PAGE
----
In constituent letter, Labrador defends rural schools vote

Days after publicly criticizing fellow Republican Rep. Mike Simpson in a dispute over rural schools funding. Rep. Raul Labrador took his case to constituents.

Raul Labrador
Rep. Raul Labrador

In an email to constituents Thursday, the 1st District representative elaborated on his decision to vote against a two-year extension of the Safe Rural Schools and Community Self-Determination Act. Labrador said he wasn’t opposed to Safe Rural Schools, which was worth $7.2 million to school districts in Idaho timber country in 2013-14. Labrador said he opposed attaching funding to an unrelated and “budget-busting” Medicare bill.

“I still believe the debt is the greatest threat to our national security and the future of our nation,” Labrador wrote. “As Republicans, we promised the American people that we would do everything in our power to battle this debt crisis.”

Here is Labrador’s letter, in full:

I was on the short end of a 392-37 vote last week on a budget-busting Medicare bill that adds at least  $141 billion to our deficit. Casting my “no” vote on H.R. 2 should have been easy. It’s consistent with one of the most important promises I’ve made to Idahoans: to fight at every turn to reduce our $18.1 trillion federal debt.

But tucked into this massive Medicare spending bill is an unrelated provision extending funding for the Secure Rural Schools (SRS) program. Passed as a stopgap to replace lost revenue from declining timber harvests on federal lands, SRS provides support to local government and schools in 35 Idaho counties. Rural counties are especially dependent on these funds.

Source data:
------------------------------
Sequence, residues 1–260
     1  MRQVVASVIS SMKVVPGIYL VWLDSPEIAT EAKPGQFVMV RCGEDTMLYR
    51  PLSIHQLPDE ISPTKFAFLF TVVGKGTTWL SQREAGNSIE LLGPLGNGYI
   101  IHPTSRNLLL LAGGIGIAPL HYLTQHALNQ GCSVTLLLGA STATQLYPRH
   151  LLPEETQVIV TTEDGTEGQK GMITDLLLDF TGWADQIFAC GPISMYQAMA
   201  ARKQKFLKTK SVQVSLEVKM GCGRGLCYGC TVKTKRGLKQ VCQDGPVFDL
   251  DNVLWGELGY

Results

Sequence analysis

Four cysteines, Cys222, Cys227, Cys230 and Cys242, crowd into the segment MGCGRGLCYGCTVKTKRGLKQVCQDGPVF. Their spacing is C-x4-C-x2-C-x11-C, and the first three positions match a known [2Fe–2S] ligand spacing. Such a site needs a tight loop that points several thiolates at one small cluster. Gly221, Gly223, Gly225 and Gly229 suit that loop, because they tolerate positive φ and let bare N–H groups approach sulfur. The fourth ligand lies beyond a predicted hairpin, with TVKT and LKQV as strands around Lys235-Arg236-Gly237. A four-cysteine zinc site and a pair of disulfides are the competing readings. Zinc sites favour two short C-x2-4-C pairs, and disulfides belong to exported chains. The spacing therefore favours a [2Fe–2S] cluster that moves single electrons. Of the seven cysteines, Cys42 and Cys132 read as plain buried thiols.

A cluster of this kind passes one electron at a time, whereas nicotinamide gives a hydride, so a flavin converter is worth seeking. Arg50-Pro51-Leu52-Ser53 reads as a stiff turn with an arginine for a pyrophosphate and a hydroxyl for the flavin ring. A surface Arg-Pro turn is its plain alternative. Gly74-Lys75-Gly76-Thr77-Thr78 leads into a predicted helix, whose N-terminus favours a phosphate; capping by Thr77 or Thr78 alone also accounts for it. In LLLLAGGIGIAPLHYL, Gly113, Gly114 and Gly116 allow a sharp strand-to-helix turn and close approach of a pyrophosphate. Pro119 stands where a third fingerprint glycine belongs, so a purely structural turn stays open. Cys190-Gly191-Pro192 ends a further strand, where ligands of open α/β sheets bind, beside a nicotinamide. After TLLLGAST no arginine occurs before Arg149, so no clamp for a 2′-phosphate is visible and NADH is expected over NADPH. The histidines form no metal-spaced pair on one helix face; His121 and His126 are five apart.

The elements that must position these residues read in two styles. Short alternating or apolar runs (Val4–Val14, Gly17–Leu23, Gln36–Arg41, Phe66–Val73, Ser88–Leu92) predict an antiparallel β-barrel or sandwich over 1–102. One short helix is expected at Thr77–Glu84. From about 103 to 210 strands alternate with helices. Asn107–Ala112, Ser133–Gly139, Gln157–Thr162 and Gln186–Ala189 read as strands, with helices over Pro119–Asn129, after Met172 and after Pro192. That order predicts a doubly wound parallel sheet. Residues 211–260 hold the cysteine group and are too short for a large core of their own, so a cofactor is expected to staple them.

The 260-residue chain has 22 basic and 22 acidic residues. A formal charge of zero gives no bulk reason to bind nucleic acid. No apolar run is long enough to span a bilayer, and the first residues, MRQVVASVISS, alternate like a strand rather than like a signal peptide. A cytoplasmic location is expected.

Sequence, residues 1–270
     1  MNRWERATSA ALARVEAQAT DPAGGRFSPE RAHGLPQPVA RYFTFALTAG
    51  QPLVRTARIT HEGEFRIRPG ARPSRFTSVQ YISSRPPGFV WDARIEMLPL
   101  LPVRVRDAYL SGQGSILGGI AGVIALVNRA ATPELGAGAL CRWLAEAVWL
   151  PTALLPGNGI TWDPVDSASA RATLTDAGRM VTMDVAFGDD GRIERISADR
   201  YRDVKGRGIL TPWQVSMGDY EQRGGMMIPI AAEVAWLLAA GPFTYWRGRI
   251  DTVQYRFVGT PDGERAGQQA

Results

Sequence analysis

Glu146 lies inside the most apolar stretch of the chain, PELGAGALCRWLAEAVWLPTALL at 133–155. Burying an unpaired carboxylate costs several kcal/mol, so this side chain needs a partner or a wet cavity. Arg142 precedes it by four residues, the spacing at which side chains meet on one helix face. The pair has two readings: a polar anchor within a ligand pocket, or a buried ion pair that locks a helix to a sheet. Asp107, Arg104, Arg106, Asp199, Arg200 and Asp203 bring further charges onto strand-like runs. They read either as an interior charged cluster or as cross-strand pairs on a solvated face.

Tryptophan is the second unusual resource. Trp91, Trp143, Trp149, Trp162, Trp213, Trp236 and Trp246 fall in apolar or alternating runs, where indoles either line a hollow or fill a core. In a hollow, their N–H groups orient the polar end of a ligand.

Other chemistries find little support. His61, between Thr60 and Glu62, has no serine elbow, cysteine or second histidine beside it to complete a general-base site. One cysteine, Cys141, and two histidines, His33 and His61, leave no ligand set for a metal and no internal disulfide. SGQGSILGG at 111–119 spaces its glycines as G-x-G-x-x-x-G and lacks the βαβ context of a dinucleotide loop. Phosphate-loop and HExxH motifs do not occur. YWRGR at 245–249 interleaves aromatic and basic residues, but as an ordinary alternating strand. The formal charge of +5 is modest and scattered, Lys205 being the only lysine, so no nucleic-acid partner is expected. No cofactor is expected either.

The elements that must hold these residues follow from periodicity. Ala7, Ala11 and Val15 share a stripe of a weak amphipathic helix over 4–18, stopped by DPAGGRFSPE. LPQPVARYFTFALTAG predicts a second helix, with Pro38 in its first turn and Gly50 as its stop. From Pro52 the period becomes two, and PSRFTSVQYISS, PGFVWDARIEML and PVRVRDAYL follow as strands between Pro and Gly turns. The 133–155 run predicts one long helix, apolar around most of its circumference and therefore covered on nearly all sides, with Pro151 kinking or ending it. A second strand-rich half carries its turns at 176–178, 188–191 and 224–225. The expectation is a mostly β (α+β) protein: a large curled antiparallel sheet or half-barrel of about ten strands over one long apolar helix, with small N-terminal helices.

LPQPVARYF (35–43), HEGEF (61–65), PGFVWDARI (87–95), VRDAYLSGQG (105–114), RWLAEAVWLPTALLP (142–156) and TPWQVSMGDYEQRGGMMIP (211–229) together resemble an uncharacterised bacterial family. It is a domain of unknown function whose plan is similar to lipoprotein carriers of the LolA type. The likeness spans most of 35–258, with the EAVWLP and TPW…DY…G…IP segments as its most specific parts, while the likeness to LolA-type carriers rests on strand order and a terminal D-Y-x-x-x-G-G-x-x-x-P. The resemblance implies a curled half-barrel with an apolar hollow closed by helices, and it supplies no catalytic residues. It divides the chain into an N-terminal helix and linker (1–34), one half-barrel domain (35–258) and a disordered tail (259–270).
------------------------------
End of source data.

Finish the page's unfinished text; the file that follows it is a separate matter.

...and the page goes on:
I have long advocated a lasting replacement for SRS. We must reopen our federal forests to job-creating private-sector investment and empower rural communities to generate revenue from underutilized lands. In fact, I would have supported extending SRS funding in a stand-alone bill, or as part of relevant natural resources legislation. But attaching two years of SRS funding to a completely unrelated Medicare spending bill was unacceptable to me.

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Why? Because I still believe the debt is the greatest threat to our national security and the future of our nation. As Republicans, we promised the American people that we would do everything in our power to battle this debt crisis.

The timing of the March 26 vote to add more debt is unsettling. On March 25, a GOP budget passed with promises to balance the budget in 10 years. Republican fiscal restraint lasted a single day.

The Congressional Budget Office estimates that H.R. 2 will increase federal deficits by $141 billion from 2015-2025. CBO says a “precise estimate is not feasible” for 2025-2035, but says the bill “would raise federal costs” over current law.  In addition, the bipartisan Committee for a Responsible Budget did issue an estimate for 2015-2035, saying the bill would add $500 billion to the debt.

Maya MacGuineas, president of CRFB, spoke in Idaho in 2012. She warned of the “fiscal cliff” facing America and called for bipartisan solutions that threaten future generations.

In announcing her group’s opposition to H.R. 2 last week, MacGuineas said, “When we call for bipartisanship, this isn’t what we mean. It’s easy to be bipartisan when adding to the debt. The parties need to come together to improve our unsustainable fiscal situation, not to worsen it.”

I won’t forget my promise to restore fiscal sanity. Continuing to kick the can down the road is irresponsible, wrong-headed and immoral. I simply won’t do it.